The “Machine” provides our basic needs, i.e., security, sensation, and power, but there is no profound satisfaction in having these needs met. “Is that all there is,” is the appropriate refrain that describes the universal human emptiness that our unconscious story delivers. “The Machine feeds us and clothes us and houses us; through it we speak to one another, through it we see one another, in it we have our being. And so we are stuck in our state of denial. To such a state of affairs it is convenient to give the name of progress. No one confessed the Machine was out of hand. Year by year it was served with increased efficiency and decreased intelligence. But humanity, in its desire for comfort, had over-reached itself. It had exploited the riches of nature too far.”[v]

And so we sit, afraid to move forward (within) to the “silence” and yet we are aware that staying where we are is unsustainable. “Then she broke down, for with the cessation of activity came an unexpected terror—the silence. She had never known silence, and the coming of it nearly killed her—it did kill thousands of people outright.”[vi]  We have no choice but to embrace the silence, solitude and simplicity that characterize the new narrative and that will move us forward to self-reliance and serenity. No, it will not kill us—but failure to do so probably will.

The Second Tree from the Corner (1947)
by E. B. White (1899-1985)

How does it feel when we have the insight that fear is no longer part of our identity? E. B. White captures that feeling when his protagonist, Mr. Trexler, leaves the session with his psychiatrist. Before he has this realization he reviews the experience and gradually appreciates what has just happened. The doctor has identified what we call existential anxiety. We are afraid because we are alive and contained in the narrative that tells us that we should be afraid and conditions us to be so. “The doctor reassured him that his fears were the cause of his sickness, and that his fears were unsubstantial.” [vii]  Wow! What a diagnosis. There are seven billion people on the planet today that would like to talk to that shrink.

He is right of course. Not because people should ignore their “unsubstantial fears” which they cannot do in P-B but because the fears are based on an illusion, that is to say, they are not real, or as the doctor said, they have no “substance.” What human beings usually do with their fear is to repress it or medicate it or react violently against it. And here is what that experience of anxiety is like for many of us. “Each session would begin with a résumé of symptoms—the dizziness in the streets, the constricting pain in the back of the neck, the apprehensions, the tightness of the scalp, the inability to concentrate, the despondency and the melancholy times, the feeling of pressure and tension, the anger at not being able to work, the anxiety over work not done, the gas on the stomach.”[viii]  Such is the human condition.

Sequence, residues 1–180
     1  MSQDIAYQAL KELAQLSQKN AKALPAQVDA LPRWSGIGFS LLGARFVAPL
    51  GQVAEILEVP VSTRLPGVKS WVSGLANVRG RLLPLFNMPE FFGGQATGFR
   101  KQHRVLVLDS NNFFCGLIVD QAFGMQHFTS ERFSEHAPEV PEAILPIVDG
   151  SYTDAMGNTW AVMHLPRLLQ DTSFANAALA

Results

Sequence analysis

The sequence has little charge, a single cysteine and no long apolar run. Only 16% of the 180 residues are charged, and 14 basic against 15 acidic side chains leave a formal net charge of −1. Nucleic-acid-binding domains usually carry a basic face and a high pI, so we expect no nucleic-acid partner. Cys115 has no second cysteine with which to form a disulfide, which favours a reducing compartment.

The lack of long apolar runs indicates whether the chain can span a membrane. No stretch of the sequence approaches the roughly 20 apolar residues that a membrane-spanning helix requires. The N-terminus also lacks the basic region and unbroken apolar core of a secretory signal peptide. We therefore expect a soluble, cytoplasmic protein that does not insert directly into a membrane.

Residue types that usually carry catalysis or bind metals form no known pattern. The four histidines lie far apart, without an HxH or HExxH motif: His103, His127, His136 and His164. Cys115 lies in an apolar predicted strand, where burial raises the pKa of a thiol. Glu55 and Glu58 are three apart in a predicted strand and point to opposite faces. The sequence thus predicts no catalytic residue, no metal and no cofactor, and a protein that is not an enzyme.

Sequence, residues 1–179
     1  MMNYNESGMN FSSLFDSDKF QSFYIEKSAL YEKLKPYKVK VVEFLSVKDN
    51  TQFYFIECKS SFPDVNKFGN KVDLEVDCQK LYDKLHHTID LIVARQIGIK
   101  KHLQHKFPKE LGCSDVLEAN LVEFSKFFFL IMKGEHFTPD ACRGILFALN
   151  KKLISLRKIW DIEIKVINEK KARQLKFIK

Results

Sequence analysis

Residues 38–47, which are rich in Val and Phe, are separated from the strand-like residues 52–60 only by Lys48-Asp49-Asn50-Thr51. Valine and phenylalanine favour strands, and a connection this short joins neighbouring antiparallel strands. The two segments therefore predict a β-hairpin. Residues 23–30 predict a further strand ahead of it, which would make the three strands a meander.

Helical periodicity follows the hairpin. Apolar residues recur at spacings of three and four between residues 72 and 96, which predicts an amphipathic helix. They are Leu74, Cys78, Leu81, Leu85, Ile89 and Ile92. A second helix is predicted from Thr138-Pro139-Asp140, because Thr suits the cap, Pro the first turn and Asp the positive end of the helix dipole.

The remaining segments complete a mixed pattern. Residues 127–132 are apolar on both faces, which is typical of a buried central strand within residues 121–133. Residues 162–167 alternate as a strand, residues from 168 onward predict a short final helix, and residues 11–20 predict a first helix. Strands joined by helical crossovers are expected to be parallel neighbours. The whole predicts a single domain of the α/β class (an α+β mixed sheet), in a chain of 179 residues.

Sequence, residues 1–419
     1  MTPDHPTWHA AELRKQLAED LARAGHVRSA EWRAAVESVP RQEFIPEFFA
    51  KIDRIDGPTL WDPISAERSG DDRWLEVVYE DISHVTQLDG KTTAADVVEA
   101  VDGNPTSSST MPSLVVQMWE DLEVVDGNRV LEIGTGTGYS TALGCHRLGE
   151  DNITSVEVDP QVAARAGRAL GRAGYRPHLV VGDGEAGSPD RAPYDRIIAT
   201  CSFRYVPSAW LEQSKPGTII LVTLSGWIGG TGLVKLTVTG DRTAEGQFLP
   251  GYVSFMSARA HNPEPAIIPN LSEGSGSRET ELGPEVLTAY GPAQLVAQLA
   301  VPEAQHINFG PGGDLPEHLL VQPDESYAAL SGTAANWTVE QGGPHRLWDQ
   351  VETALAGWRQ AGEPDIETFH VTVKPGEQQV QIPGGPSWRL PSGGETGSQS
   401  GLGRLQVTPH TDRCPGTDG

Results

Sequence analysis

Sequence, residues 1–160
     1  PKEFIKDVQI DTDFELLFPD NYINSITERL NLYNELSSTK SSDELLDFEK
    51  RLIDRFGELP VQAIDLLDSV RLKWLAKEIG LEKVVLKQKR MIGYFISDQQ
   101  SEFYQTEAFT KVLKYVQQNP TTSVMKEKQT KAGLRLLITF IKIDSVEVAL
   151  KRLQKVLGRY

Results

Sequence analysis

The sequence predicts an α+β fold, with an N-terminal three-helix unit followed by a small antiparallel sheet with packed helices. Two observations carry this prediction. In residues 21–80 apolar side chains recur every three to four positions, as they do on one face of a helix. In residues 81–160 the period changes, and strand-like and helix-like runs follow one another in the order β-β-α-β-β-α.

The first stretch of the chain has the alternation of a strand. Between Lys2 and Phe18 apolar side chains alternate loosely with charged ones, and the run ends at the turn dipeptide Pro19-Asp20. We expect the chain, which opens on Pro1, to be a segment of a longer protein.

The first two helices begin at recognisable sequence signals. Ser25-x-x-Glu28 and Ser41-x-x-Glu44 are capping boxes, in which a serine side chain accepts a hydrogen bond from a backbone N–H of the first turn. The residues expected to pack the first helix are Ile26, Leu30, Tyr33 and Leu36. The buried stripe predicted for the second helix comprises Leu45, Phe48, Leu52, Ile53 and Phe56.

Or, if we are lucky, we can find ourselves in the present moment feeling the joyful freedom of being contained in P-A. “Trexler felt invigorated. Suddenly his sickness seemed health, his dizziness stability. A small tree, rising between him and the light, stood there saturated with the evening, each gilt-edged leaf perfectly drunk with excellence and delicacy. ‘I want the second tree from the corner, just as it stands,’ And he felt a slow pride in realizing that what he wanted none could bestow, and that what he had none could take away. He felt content to be sick, unembarrassed at being afraid; and in the jungle of his fear he glimpsed (as he had so often glimpsed them before) the flashy tail feathers of the bird of courage.”[ix]  Bravo! Insights do not get any more profound than that.

Trexler relaxed into the present moment and allowed his heartfelt wisdom to emerge. He intuited the truth and that truth was beauty, the beauty that is always available in nature, the beauty of “the second tree from the corner.” He stopped resisting reality and the fear fell away. He was momentarily in P-A where afflictive emotions cannot exist; he was free from the gravity of neurosis, a bird on the wing.

Storied Fear

[i]     Forster, E. M.  “The Machine Stops.”  The Eternal Moment (and other stories).  Sidgwick & Jackson, 1928, no page.

[ii]     Ibid.  

[iii]    Ibid.  

[iv]    Ibid.  

[v]     Ibid.  

[vi]    Ibid.

[vii]   White, E. B.  “The Second Tree from the Corner.”  The New Yorker. May 31, 1947, page 22.

[viii]   Ibid.  

[ix]    Ibid.


Find a much more in-depth discussion in printed books by Roy Charles Henry.